Yesterday we opined that the Boeing “exodus” from Washington State is a tad overblown so far. Here’s why we think so.
- As long as the airplane programs are derivatives of in-production aircraft, Puget Sound’s place in aerospace is solid. We don’t think the 777X will be assembled anywhere but here, just as MAX–a derivative of the 737 NG–was certain to be assembled here (and it was). The debate, such as it was, over where to assemble the MAX was in our view nothing more than making the airplane a pawn in the labor dispute with IAM 751 and the NLRB lawsuit over the second 787 assembly line. IAM dropped the suit in exchange for the MAX. Or so it appeared.
- So what if the 787-10 is assembled in South Carolina? Boeing has to take production to 14 a month, in our view, in order to accommodate the 787-10 and to open up delivery slots for the 787-9 and 787-8. We think this means seven 787s a month at Everett and seven at Charleston.
- Demand for the 737NG and 737 MAX is such that Boeing has to take production rates higher. The Renton factory has the capacity for 63/mo.
- Demand for the KC-46A tanker may boost rates on the 767 line. Also, as we previously reported, Market Intelligence tells us FedEx is preparing to order the civilian freighter version of the KC-46A, the 767-2C. This also means higher rates.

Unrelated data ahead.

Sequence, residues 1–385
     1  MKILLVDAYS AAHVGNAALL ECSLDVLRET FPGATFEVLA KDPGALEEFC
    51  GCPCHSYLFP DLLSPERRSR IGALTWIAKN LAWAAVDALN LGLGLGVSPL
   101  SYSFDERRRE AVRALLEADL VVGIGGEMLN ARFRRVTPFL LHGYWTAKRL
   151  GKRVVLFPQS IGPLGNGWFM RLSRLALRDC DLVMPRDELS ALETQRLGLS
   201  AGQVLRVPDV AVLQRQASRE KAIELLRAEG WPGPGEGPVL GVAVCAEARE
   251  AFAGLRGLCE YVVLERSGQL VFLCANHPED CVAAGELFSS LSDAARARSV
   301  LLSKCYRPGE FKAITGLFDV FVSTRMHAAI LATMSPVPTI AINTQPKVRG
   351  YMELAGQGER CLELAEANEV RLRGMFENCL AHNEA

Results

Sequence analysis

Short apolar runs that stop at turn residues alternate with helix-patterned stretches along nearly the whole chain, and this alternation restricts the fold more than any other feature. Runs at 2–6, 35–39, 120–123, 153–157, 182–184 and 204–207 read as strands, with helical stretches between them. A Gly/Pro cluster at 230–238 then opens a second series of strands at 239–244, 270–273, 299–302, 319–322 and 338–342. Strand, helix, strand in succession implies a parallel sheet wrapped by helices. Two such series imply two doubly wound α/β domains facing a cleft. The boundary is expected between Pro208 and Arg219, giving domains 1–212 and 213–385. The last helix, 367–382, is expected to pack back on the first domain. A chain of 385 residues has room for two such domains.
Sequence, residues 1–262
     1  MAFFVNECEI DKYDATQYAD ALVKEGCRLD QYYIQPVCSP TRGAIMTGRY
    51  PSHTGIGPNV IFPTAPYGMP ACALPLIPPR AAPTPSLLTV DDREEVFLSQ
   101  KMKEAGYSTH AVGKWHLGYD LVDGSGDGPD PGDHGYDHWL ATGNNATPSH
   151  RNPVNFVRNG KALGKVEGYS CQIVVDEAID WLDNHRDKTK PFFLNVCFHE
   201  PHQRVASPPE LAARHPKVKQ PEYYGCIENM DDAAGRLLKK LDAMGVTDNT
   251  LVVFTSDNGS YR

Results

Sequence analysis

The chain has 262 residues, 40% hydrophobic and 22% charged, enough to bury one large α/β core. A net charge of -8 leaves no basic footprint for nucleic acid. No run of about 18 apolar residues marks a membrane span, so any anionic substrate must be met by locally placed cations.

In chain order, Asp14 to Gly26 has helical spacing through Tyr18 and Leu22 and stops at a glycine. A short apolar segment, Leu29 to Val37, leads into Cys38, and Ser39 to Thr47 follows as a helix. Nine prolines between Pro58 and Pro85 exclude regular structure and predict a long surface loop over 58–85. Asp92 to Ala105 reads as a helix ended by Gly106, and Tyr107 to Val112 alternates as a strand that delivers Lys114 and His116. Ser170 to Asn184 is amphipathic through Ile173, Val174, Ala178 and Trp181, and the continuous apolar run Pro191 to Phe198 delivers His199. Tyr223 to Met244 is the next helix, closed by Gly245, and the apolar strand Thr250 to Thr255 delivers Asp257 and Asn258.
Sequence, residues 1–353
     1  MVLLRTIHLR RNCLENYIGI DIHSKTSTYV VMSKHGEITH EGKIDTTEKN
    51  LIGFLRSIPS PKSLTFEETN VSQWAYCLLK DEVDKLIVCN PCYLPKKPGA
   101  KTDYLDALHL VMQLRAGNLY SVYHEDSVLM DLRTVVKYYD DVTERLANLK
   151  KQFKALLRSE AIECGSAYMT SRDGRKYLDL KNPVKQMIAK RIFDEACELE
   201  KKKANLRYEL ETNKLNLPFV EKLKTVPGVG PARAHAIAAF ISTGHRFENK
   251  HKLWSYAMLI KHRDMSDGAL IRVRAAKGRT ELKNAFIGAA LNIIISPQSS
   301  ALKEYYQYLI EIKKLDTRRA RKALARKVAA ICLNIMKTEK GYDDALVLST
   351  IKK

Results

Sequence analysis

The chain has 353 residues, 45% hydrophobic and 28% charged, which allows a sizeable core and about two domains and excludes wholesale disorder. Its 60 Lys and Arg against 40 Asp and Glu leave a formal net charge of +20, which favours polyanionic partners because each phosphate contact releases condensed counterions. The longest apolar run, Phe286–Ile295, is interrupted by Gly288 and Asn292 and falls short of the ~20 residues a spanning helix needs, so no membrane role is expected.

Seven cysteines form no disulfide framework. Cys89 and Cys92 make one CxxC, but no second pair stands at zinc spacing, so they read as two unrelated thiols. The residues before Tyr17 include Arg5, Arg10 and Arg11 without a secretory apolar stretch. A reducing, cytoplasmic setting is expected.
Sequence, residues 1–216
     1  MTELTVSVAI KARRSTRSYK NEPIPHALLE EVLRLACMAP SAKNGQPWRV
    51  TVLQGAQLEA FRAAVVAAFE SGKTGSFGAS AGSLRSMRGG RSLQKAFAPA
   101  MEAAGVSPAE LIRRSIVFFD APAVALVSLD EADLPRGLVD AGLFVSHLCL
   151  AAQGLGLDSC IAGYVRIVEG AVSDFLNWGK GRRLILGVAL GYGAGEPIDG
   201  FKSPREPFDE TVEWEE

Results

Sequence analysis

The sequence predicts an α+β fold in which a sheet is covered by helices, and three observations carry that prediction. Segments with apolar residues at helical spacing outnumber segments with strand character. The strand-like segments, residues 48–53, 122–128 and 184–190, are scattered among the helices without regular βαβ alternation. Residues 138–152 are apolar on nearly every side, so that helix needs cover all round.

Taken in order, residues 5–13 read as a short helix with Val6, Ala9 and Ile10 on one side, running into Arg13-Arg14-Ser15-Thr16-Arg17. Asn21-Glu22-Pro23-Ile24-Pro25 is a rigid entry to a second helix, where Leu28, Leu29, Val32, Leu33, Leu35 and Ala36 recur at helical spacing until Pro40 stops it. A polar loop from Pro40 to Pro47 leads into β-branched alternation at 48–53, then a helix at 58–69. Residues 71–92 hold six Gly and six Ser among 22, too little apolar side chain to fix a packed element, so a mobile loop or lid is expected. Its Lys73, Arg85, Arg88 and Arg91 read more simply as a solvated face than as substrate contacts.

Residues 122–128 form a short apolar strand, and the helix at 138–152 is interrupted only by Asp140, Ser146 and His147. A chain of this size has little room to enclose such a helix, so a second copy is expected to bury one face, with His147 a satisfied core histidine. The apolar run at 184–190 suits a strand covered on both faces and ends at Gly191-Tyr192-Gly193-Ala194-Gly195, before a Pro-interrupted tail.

- In fact, our Market Intelligence tells us Boeing is already reaching out to the supply chain to plan on production boosts for the 737, 767 and 787 lines.
Source: Leeham Co. Market Intelligence. 777 and 747 rates not included.
Will Boeing continue to shift jobs from unionized Washington to non-union states? You betcha. But if these production rates come to pass (and the supply chain will have to gear up to meet these rates), not only will Boeing be adding jobs but so will the suppliers.
Airbus is talking to suppliers about similar rate hikes. For Washington, this means more jobs, to0, because our state is the No. 2 US supplier to Airbus by company count.
The Seattle Times reports that Airbus may consider opening an engineering center in Washington.
Note the comment about the USAF tanker in the story. We asked Gov. Jay Inslee about his relationship with Airbus during a conference call Wednesday, the final one held by the State to recap its daily activities at the Paris Air Show. Inslee bowed out of the trip to deal with Washington’s lack of a budget.
When he was in Congress, Inslee was one of the most vociferous opponents of the Airbus/EADS bid for the USAF tanker in competition with the Boeing KC-767. Inslee introduced legislation to require the Air Force to take into account WTO findings that Airbus received illegal subsidies for the A330, the plane on which its tanker design was based. Even the US Trade Representative’s office said such legislation violated WTO rules and the effort went nowhere.
Inslee’s efforts at the time offended Airbus officials, who were considering holding a suppliers fair in Washington, which is the No. 2 US supplier to Airbus. Because of the vitriolic opposition by Inslee and other members of the Washington delegation, Airbus shelved consideration of the fair.
We asked Inslee Wednesday how he might mend fences now that he is governor, seeking to expand our supply chain business with Airbus. Inslee was beginning to answer when US Rep. Rick Larson, who was leading the State’s Paris Air Show delegation in Inslee’s absence, interrupted to say he had talked with McArtor, who said the tanker wars were over.
Airbus has a suppliers event scheduled here next month.